Restored and inspired by that stop, we walked on up and into the North Woods and soon faced an imposing Barnett Newman sculpture. “Broken Obelisk” seems both ancient and new, immovably solid and perilously close to toppling. Despite the sculpture’s 25-foot height and massive weight, the pyramid and obelisk are joined at a point only two inches across. “Broken Obelisk” is the largest of only six sculptures Newman created during his career. It exists in four editions, another of which Jay and I saw in 1992 at the Rothko Chapel in Houston. That edition is currently undergoing restoration by the original fabricator in Connecticut. The first three versions of this work were fabricated in Cor Ten steel the 1960s and in 2003 the Barnett Newman Foundation gave permission for one more edition. The fourth edition was completed in 2006 and installed in front of the Neue Nationalgalerie in Berlin for two years before being acquired by Storm King.
The woods were lovely and dark and deep . . . with sculptures placed in clearings and among the trees. One of Josephine Halvorson’s “Measures,” a special exhibition (Outlooks: Josephine Halvorson) of three site-specific works, is metal thrusting from the earth and painted to resemble tree bark. On one side of the trompe l’oeil sculpture Halvorson painted a red line from top to bottom to ensure that the viewer considers the difference between sculpture and a living tree. Along the trail we passed a “Man With a Hat” (Kosta Alex); a “King” (Lee Tribe); and a 16′ x 13′ x 12′ cloud (“Kumo” in Japanese, by Isaac Witkin). Anthony Caro‘s Cubist “Bitter Sky” was beautiful in a clearing, under a bright sky.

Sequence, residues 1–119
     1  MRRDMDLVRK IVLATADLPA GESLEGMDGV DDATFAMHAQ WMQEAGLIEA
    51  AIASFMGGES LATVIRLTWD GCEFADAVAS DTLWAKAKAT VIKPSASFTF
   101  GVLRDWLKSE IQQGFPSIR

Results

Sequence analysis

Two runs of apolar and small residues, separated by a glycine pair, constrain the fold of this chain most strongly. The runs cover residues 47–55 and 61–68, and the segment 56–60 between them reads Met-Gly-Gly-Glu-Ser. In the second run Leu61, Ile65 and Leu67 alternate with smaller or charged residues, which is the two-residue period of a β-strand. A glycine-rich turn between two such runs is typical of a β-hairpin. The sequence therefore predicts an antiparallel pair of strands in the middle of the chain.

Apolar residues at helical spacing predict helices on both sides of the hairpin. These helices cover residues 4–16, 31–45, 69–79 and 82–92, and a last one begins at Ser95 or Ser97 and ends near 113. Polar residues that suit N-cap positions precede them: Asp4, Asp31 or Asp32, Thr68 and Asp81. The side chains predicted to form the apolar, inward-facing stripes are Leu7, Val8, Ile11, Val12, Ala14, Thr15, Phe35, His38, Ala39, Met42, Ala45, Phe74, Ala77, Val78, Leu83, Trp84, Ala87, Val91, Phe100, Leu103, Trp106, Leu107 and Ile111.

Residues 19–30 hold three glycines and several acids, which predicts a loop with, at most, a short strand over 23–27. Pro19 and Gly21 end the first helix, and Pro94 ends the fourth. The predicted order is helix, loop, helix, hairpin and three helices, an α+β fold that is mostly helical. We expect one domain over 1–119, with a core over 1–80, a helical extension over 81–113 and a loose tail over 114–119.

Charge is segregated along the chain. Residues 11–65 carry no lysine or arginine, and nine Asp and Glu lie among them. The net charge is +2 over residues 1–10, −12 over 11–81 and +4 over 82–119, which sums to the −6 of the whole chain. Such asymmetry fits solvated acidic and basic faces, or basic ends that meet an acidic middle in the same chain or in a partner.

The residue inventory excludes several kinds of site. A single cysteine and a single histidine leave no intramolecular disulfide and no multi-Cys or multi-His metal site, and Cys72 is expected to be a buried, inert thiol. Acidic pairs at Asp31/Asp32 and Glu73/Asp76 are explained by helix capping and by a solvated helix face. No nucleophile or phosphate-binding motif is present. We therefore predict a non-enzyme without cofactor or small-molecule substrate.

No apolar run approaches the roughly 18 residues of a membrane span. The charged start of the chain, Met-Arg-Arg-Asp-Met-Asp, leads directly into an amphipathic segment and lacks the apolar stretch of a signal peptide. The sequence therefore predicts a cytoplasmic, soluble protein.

Rounding a bend on more level ground, we caught sight of George Cutts’s captivating “Sea Change.” Two identical, slim, curving, stainless steel poles slowly rotate in opposite directions. The kinetic sculpture induced us to stop and study the poles–were they identical or not?–and give in to the graceful, mesmerizing movement.
Not far ahead we came to Dennis Oppenheim’s “Alternative Landscape Components: Red Rocks, Straight Trees, Small Bushes.” The colorful components are part of the Oppenheim special exhibit, “Terrestrial Studio,” the artist’s term for certain of his outdoor sites.
Further on we found his “Architectural Cactus Grove,” a third of the eighteen cacti sculptures Oppenheim created. The surface of each of six different shapes in the series is designed in various colors and materials, so each sculpture is unique. The series was first produced as a public artwork for a desert location at Scottsdale, Arizona. Observing that the site was across from a police station, Oppenheim designed the cacti to fit together like puzzle pieces, a reference to detective crime-solving efforts.
Our climb back up Museum Hill was rewarded by good views of large sculptures on a long, flat field, including a site-specific commission by Robert Grosvenor. His untitled work, what appears to be an extremely long black beam, a third of which rests on a black rectangle, with both ends extending downward to the ground, is 212 feet long and only 12 inches wide. Beyond its simple silhouette, the Schunnemunk Mountain ridge stretched serenely green.